Michael Wood-Lewis launched Front Porch Foum in 2000 as a way to connect with the folks in the area around him. He has since expanded to 38 towns, mostly in the last four years. With the Knight grant, he expects to expand across the state, into 250 towns.

“People who live near each other, if they connect, good things happen,” Wood-Lewis told me. Front Porch Forum makes face-to-face interactions easier, he says, and pushes people to buy into their local communities. “We’re talking about the people you’d borrow the proverbial cup of sugar from.”

The results have been positive, he said. Community members who have signed on become more active: they attend local meetings, they’re more likely to talk with neighbors, and they’re more engaged, active locals overall.

Though increasing community and civic engagement are common goals of nonprofit news organizations, Front Porch is actually a for-profit. It draws half of its revenue from local sponsorships, plus subscriptions from municipal entities and other institutions, as well as reader contributions. Wood-Lewis runs the company and employs three other full-time people.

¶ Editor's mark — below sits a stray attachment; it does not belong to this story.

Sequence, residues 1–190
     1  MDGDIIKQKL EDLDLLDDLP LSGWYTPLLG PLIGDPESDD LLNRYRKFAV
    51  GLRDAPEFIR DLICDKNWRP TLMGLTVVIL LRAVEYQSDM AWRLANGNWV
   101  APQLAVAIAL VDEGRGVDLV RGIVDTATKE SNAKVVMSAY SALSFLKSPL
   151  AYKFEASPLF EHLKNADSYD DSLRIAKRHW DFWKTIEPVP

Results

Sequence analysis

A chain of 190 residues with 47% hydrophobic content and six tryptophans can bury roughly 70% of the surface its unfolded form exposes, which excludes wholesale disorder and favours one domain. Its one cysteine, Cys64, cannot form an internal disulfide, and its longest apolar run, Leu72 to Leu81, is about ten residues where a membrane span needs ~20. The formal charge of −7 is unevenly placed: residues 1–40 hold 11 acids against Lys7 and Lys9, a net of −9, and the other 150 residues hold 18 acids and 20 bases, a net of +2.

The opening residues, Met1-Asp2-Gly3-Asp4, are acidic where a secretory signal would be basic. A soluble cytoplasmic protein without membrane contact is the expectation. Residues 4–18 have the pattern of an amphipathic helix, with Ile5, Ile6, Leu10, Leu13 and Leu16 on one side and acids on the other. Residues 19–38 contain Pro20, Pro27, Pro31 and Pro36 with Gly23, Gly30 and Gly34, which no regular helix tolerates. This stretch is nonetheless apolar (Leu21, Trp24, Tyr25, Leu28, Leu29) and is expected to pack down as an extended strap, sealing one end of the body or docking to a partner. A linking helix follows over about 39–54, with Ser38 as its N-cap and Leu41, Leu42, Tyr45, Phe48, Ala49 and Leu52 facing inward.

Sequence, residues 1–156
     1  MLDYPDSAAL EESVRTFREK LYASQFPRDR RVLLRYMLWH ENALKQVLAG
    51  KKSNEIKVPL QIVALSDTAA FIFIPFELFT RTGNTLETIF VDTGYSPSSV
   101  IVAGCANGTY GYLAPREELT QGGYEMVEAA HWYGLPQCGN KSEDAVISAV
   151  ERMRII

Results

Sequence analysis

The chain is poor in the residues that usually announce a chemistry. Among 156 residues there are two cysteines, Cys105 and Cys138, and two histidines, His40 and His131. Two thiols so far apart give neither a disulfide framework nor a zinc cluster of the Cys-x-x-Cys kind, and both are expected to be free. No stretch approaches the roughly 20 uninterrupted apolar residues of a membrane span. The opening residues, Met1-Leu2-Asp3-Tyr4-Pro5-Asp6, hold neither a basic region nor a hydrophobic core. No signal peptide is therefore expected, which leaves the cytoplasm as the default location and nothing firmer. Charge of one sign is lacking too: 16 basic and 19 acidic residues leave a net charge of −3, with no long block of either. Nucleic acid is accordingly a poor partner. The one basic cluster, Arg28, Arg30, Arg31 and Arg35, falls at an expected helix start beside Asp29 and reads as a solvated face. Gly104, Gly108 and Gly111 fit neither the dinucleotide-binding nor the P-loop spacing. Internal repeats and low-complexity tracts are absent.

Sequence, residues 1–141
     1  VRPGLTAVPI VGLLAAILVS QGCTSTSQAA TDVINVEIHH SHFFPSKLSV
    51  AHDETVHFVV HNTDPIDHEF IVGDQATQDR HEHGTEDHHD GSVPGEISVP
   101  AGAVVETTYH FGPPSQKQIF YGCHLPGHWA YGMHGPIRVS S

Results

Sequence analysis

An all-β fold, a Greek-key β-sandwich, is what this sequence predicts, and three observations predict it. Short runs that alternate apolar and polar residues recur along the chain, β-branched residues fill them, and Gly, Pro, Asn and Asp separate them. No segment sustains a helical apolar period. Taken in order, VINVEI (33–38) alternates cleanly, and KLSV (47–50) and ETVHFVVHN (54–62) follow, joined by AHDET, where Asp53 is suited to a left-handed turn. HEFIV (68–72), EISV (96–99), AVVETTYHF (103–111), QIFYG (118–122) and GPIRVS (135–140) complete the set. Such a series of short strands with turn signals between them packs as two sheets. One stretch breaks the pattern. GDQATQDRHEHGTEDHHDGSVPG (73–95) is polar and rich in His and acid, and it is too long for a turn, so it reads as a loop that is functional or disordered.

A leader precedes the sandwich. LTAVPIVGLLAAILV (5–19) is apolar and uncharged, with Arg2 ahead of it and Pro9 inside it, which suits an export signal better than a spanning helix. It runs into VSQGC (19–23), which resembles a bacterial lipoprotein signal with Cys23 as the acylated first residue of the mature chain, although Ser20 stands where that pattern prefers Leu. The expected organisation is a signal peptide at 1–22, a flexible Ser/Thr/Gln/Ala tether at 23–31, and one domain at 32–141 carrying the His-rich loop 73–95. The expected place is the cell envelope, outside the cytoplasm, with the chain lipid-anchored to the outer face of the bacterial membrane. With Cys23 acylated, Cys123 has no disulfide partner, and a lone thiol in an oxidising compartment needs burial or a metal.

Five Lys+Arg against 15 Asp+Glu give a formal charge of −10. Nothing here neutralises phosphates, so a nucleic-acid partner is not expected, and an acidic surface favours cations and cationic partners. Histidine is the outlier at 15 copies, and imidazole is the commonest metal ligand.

Here’s how it works: Users register with a neighborhood-specific forum. (You can only belong to one, and you can’t post on other community forums.) Posts show up on the forum webpage and get delivered to users via email. The topics range from missing pets to stolen bikes to queries for goods and services. (Anybody know a good plumber?) Posts are not typically edited by Forum staff, but sometimes new headlines are added for ease of use. “It’s a little bit of a lot of things that add up to something different,” Wood-Lewis told me in explaining how he thinks of what they do. It’s not exactly a classifieds service, or a newspaper, but certainly provides elements of both.

For the grant, Wood-Lewis’ goals are threefold: rebuild the underlying software, expand across Vermont, and draw up a plan to expand to communities beyond Vermont. There’s already a waiting list of interested communities. The software project will be a major component of the project, with the end result (as Knight requires) being an open-source product.

I asked Wood-Lewis about how he sees Front Porch Forum fitting with the future of news. While he acknowledges the role local newspapers have traditionally played as community forums, he wouldn’t call his operation a news organization. “Our end-all be-all is not journalism,” he said. “But we are enhancing an audience for journalism,” arguing more engaged community members are more likely to consume local news.